Advance praise: 'Professor Lowe has produced a volume that is both a murder mystery and a mini-treatise on the history of criminal law in colonial Virginia. Hard-nosed legal history has seldom been presented in such fascinating, readable form. Behind the legal story is an equally important story of social change in early Virginia. Lowe knows her Virginia law, and applies to it the questions of a modern historical sensibility. Readers will be surprised and intrigued by this admirable volume.' Stanley Katz, Princeton University Center for Arts and Cultural Policy Studies

    Advance praise: 'In Jessica K. Lowe's poetic telling of a murder trial in the Shenandoah Valley on Independence Day in 1791, we see how issues of class, violence, and the rule of law came together to lead to the execution of a Virginia patrician. Lowe's beautifully written book shows the law in motion. Wage workers, slaves, jurors, and the legal and planter elite all cross her stage as the values of democracy made a new American law.' Alfred L. Brophy, author of University, Court, and Slave: Proslavery Thought in Colleges and Courts and the Coming of Civil War

    See more reviews

    Customer reviews

    Not yet reviewed

    Be the first to review

    Review was not posted due to profanity

    ×

    , create a review

    (If you're not , sign out)

    Please enter the right captcha value
    Please enter a star rating.
    Your review must be a minimum of 12 words.

    How do you rate this item?

    ×

    Product details

    • Publication planned for: February 2019
    • format: Hardback
    • isbn: 9781108421782
    • dimensions: 228 x 152 mm
    • contains: 10 b/w illus. 1 table
    • availability: Not yet published - available from February 2019
  • Table of Contents

    Introduction
    1. The facts of the fight
    2. The making of a republican judge
    3. Examination: class, procedure, and local courts in Crane's Virginia
    4. The Bloody Code and the logic of legal reform
    5. Indictment: power shifts and power continuities in Virginia's courts
    6. Crane's trial and its 'imperfect' verdict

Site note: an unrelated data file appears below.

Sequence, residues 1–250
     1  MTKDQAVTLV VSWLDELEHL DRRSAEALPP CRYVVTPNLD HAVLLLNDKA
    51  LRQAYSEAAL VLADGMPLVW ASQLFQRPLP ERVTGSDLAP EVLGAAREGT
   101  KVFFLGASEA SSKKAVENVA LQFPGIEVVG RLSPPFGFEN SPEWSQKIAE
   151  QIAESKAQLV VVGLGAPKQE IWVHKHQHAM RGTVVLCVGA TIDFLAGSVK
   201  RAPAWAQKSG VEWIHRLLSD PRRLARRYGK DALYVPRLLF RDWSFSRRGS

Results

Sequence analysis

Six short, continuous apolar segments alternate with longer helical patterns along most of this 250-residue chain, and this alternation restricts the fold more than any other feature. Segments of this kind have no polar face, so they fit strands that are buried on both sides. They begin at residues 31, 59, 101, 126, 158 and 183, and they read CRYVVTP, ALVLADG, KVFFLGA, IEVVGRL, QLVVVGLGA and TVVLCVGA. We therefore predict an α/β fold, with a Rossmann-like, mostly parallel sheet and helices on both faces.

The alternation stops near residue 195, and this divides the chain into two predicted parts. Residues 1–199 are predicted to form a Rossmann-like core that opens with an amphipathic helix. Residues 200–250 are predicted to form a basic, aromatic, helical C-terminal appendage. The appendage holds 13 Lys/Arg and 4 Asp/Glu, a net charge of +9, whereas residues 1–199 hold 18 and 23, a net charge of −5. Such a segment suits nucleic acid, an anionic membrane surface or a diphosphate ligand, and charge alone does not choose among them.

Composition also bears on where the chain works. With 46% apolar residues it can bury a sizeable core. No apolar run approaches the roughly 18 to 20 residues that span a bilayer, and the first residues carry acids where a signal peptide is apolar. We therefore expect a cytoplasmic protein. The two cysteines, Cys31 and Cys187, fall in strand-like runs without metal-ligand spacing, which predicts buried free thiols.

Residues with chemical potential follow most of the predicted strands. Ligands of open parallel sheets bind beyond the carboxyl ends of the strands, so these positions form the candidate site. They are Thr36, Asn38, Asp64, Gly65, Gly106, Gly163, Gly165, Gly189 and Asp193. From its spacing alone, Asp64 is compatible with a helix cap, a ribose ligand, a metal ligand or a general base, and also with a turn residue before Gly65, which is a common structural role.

7. 'That stigma on my character': judges, judicial review, and 'republican' interpretation of the laws
    8. Murder or manslaughter? Crane's special verdict at the general court
    9. Pardon request: mercy and Crane's 'lunatic fits'
    Conclusion.

  • Author

    Jessica K. Lowe, University of Virginia
    Jessica K. Lowe teaches at the University of Virginia, School of Law.

Sign In

Please sign in to access your account

Cancel

Not already registered? Create an account now. ×

Sorry, this resource is locked

Please register or sign in to request access. If you are having problems accessing these resources please email lecturers@cambridge.org

Register Sign in
Please note that this file is password protected. You will be asked to input your password on the next screen.

» Proceed

You are now leaving the Cambridge University Press website. Your eBook purchase and download will be completed by our partner www.ebooks.com. Please see the permission section of the www.ebooks.com catalogue page for details of the print & copy limits on our eBooks.

Continue ×

Continue ×

Continue ×

Find content that relates to you

This site uses cookies to improve your experience. Read more Close

Are you sure you want to delete your account?

This cannot be undone.

Cancel

Thank you for your feedback which will help us improve our service.

If you requested a response, we will make sure to get back to you shortly.

×
Please fill in the required fields in your feedback submission.
×